With the elections approaching and the economy in a spin, analysts have little confidence in asset safety.
One of the more remarkable facets of Euromoney’s country risk survey is the trend deterioration in Argentina’s country risk score, taking it from being a promising emerging market (EM) in the region to a pariah that is almost equivalent to Venezuela’s dismal record.
The country has plunged 62 places in a decade and is anchored in the lowest of five categories of risk containing the world’s most unsafe investor domains.
A litany of political, economic and structural risks mar Argentina’s profile and remain a concern to investors praying for future debt repayments to be honoured.
Take the economy. GDP is recovering from the pandemic and is forecast to rebound by 7.7% in real terms this year, but this follows three years of decline, including a 9.9% drop in 2020.
Consumer prices rose by 40% year-on-year in 2020, but with the annual inflation rate climbing to as high as 52.5% this September. These are official estimates. Using alternative, purchasing power parity calculations would undoubtedly put the figure even higher.
Added to that, Argentina’s sovereign debt ratio rose to 102% of GDP, with the budget deficit widening to 8.5% of GDP.
For a bondholder, an agreement between Argentina and the IMF will be excellent news- German Plessen, Bahía Blanca Stock Exchange
Euromoney survey contributor German Plessen, an adviser at the Bahía Blanca Stock Exchange, says Argentina is growing without solid foundations, without domestic and international credit, with huge inflation-rate restrictions on access to foreign exchange and capital flows.
“This generates multiple foreign-exchange rates, with a range of more than 100% between the official and the capital market’s implicit rates,” he adds.
The economy will improve, temporarily, but fundamentally it is worsening, creating formidable challenges for 2022.
Under these conditions, says Plessen, it is difficult to imagine the economy moving at the pace the government needs to stay in office beyond 2023. Therefore, it is likely that between the elections on November 14 and the end of the year, there will be some economic policy measures to affect voting intentions of different segments of the population.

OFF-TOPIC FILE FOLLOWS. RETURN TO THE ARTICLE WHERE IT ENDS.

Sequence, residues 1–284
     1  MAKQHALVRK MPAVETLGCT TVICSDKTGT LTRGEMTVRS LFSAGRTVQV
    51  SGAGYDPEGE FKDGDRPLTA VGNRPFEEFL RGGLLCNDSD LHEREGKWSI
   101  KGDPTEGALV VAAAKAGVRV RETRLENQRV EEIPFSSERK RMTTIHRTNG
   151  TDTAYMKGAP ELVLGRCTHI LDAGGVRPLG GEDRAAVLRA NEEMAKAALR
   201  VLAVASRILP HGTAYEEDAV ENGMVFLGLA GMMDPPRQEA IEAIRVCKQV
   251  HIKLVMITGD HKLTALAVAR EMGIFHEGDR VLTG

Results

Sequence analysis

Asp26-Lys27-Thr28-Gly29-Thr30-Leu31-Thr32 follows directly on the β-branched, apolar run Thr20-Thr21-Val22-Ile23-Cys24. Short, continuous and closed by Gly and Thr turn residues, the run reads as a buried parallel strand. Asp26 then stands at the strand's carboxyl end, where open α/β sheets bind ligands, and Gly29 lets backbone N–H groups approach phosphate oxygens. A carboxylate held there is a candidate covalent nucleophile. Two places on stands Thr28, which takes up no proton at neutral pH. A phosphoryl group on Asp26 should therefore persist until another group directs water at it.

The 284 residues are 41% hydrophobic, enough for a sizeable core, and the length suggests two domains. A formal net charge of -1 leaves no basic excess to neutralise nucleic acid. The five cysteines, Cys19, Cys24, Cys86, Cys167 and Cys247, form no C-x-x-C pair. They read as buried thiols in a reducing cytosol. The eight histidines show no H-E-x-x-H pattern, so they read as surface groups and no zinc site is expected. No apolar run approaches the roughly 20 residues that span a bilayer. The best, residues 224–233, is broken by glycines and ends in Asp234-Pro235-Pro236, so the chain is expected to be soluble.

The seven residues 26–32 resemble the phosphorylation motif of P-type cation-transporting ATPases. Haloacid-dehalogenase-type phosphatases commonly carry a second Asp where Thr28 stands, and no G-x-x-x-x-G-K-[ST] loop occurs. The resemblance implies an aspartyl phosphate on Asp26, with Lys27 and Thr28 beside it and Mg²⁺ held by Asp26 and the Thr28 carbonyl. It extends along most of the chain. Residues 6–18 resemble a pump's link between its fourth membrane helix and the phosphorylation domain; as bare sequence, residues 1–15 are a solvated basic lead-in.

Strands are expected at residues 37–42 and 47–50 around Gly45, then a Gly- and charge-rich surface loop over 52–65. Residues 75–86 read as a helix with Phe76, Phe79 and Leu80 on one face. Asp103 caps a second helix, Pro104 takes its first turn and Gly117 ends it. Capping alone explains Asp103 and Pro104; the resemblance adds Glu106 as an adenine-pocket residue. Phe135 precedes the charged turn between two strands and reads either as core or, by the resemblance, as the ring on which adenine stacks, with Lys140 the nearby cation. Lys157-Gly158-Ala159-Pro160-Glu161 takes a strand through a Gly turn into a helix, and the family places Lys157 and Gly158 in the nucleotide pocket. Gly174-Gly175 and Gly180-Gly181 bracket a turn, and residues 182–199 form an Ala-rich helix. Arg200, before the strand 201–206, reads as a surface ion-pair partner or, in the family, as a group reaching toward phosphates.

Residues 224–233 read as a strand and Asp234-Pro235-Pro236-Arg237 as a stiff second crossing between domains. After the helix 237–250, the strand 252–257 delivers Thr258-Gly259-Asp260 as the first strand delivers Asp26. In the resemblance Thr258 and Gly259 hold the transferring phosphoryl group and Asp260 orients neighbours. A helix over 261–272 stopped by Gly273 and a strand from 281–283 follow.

The delayed legislative elections are for half of the seats in the chamber of deputies and a third in the senate.
The primaries saw a big surge in support for the opposition on a record low turnout and proved a setback for president Alberto Fernández and his ruling Frente de Todos coalition, although the polls are inconclusive about whether this will be replicated or the government will claw some credibility back.
Much will depend on the turnout and the extent of tactical voting, though the key is how the government will react.
Plessen says it is unknown if the government will lean towards greater intervention of economic sectors and a deepening of relative price distortions, or if it will go for a more orthodox scheme, including an agreement with the IMF, easing of restrictions on capital movements and a raising of the exchange rate.
He states that Argentina is an important member of the IMF, due to its history, its size among emerging member countries, and the amount of debt it maintains with the organization.
The relationship with the IMF is also important for Argentina, because it represents the way in which the country is institutionally related to the rest of the world, which is why it is not politically profitable in Argentina to be indefinitely in conflict with the IMF.
“Argentina needs to agree on a new payment scheme, and the IMF needs that scheme to be supported by a consistent plan that includes realistic growth targets, inflation reduction, fiscal consolidation and external accounts in line with the new financial commitments with international creditors,” says Plessen.
“Putting out a consistent plan is precisely what this government has been postponing and now needs to do to reach an agreement. Ultimately, the important thing is not to reach an agreement, but rather that that agreement is fulfilled, since it will imply economic growth and ability to pay.”
He concludes: “For a bondholder, an agreement between Argentina and the IMF will be excellent news.”
Still, Argentina’s risks will continue to rise until an agreement with the IMF is achieved, inflation begins to fall and the government starts to ease restrictions on capital flows.